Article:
Microsoft slams nails in Windows Vista, XP SP2, 2000
Switching off life support, left to breathe alone
Microsoft will kill support for its unloved Windows Vista operating system a few months ahead of its Windows XP SP2 and Windows 2000 planned end-of-the-road-for-updates deadline.
The company said yesterday that a Vista service pack-free OS will no longer get MS support after 13 April this year, leaving the flaky platform entirely at the mercy of hackers who might wish to exploit that code.
Meanwhile, XP SP2 and all versions of Windows 2000 support will trundle along until 13 July, when Redmond will turn out the security update lights on those operating systems.
At the same time Microsoft will move Windows Server 2003 from mainstream support to the extended support phase, which means customers will have to pay for help from MS, with only security updates remaining free.
“Microsoft believes it is important that all customers take action prior to the end of support date, not only so that they know their options and can prepare, but also to ensure their environments are as secure as possible,” said the company, before wheeling out a list of “incentives” to convince consumers and businesses to upgrade their operating systems.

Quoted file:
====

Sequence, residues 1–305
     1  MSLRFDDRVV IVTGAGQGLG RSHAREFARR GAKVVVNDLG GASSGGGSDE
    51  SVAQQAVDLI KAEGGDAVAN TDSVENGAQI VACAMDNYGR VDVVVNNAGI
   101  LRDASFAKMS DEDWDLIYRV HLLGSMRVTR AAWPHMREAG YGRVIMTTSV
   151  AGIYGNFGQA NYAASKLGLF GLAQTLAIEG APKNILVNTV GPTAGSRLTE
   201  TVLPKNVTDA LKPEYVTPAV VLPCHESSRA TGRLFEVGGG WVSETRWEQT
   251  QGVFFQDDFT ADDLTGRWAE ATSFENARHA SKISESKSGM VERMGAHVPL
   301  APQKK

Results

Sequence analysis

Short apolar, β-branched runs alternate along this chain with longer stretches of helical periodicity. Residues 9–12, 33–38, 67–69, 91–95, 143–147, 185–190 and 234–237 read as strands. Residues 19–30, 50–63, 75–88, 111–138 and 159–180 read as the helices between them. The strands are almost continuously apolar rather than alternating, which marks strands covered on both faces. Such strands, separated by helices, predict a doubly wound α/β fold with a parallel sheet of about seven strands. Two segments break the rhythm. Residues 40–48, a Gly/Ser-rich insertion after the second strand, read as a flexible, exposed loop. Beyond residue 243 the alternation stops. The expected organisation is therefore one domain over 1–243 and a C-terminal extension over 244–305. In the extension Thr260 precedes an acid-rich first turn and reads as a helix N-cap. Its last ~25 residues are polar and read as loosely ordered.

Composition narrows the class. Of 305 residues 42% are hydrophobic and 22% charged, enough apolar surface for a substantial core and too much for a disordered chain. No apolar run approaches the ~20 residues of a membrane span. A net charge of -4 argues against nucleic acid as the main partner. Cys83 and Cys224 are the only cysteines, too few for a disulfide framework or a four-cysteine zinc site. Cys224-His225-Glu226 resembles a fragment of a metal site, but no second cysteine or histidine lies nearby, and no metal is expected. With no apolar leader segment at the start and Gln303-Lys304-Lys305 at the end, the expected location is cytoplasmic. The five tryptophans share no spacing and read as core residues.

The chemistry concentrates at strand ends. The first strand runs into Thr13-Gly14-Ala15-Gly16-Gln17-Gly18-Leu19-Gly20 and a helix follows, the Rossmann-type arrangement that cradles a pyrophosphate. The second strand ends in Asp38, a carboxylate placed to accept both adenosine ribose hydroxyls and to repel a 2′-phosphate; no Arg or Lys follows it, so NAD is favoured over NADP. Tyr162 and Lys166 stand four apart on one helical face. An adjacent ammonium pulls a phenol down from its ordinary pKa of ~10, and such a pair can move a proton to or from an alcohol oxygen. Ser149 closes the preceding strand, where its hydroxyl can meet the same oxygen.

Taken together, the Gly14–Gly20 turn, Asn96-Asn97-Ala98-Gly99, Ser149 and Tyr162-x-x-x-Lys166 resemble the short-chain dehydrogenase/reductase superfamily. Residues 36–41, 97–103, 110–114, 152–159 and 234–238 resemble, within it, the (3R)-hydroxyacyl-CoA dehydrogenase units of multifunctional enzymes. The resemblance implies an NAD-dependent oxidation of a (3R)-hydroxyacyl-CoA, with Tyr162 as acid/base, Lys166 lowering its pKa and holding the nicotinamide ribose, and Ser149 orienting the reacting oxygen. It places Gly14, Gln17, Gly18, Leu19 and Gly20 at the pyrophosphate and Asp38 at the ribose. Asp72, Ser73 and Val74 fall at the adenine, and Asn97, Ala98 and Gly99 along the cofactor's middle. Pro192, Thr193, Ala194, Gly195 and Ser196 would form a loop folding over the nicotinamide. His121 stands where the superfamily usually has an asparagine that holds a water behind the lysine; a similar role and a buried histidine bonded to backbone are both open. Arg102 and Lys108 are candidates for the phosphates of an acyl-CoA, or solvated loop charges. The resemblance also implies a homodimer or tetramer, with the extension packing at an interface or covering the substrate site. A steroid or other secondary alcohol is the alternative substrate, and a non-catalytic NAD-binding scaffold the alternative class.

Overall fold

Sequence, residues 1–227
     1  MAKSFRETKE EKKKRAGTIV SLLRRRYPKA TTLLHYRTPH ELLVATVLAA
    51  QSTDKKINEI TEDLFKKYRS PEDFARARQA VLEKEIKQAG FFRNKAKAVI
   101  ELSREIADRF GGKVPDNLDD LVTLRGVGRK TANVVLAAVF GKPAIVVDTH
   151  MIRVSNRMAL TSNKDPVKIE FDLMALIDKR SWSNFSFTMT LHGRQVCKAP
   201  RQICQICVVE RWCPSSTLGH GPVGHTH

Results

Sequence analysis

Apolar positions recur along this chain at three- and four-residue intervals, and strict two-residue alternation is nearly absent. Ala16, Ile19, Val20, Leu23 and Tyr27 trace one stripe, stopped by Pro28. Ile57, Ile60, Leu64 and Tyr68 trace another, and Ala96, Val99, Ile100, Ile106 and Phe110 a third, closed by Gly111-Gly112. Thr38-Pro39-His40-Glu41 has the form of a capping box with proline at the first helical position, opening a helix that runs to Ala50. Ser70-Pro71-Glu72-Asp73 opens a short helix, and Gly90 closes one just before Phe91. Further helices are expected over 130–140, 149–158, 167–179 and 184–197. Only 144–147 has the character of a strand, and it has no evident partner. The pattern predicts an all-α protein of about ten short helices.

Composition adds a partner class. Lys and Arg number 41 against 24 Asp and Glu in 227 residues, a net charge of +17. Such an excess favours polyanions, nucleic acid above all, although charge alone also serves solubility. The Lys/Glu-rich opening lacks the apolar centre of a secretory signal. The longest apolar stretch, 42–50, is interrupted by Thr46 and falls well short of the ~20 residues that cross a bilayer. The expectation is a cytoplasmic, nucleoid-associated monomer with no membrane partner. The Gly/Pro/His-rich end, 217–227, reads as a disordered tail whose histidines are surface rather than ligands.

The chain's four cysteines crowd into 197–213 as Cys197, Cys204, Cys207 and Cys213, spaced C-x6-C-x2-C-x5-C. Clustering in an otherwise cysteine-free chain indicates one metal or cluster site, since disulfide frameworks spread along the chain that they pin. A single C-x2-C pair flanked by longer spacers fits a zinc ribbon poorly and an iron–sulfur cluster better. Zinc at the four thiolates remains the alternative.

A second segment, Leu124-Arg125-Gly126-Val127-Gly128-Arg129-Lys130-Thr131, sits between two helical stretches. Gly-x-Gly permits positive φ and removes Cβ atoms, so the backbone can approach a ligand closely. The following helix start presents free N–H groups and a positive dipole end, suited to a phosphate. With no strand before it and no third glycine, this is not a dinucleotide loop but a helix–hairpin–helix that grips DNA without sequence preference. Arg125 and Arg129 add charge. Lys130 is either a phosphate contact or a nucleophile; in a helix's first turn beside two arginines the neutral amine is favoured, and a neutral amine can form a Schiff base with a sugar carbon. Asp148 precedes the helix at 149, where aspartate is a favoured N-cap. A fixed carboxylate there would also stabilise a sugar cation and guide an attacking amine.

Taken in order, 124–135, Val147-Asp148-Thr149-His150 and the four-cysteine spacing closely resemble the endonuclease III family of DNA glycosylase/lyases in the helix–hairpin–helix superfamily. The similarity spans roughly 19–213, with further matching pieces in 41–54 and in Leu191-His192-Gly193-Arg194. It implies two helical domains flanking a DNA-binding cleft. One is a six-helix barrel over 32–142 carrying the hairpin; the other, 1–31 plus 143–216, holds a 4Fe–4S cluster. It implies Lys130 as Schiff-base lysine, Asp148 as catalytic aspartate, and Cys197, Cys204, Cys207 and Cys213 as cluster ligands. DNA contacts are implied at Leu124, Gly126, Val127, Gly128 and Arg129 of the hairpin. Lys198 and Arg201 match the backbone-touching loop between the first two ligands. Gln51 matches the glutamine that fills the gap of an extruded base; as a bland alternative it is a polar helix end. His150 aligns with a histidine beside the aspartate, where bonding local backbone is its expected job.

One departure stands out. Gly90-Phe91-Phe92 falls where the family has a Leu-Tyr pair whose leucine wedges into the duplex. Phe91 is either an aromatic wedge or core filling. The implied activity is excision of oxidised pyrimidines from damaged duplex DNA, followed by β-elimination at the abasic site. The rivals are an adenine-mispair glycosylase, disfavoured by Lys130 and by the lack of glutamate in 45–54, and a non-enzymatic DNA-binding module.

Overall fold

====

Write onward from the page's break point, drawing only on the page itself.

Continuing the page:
The software maker has more about switching off OS life support for several of its platforms here. ®
Thank you, Windows 2000, and good night...
I'll be sorry to Windows 2000 ride off into the sunset...hats off to one of (if not) the best releases of Windows ever.
I reckon that I'll keep running it for a while--it's not likely that AV software vendors are going to drop Win2k immediately and plenty of other software still works fine there as well. If it works, if a system is behind an external firewall, a third party browser is used and nothing's too broken--why fix it?
The article may be technically accurate, but it is misleading.
Windows 2000 is the only OS that will no longer be patched, security fixes or otherwise.
It is true that users of Vista and XP may need to apply a later service pack to maintain support, but the way the article is written some people could be forgiven for thinking that fixes are being completely dropped..
Using a car analogy
It is like saying "3 years ago, we issued a recall because of faulty engines, you chose not to bring your car in, and now we've expired the recall, as it costs too much to support! You had three years to get it looked at, and you refused for whatever reason. You want it fixed now, you have to pay"
Seriously, I am concerned that people expect continuously free support for software that is so outdated that it should be in a museum.
I guess you get the support you pay for!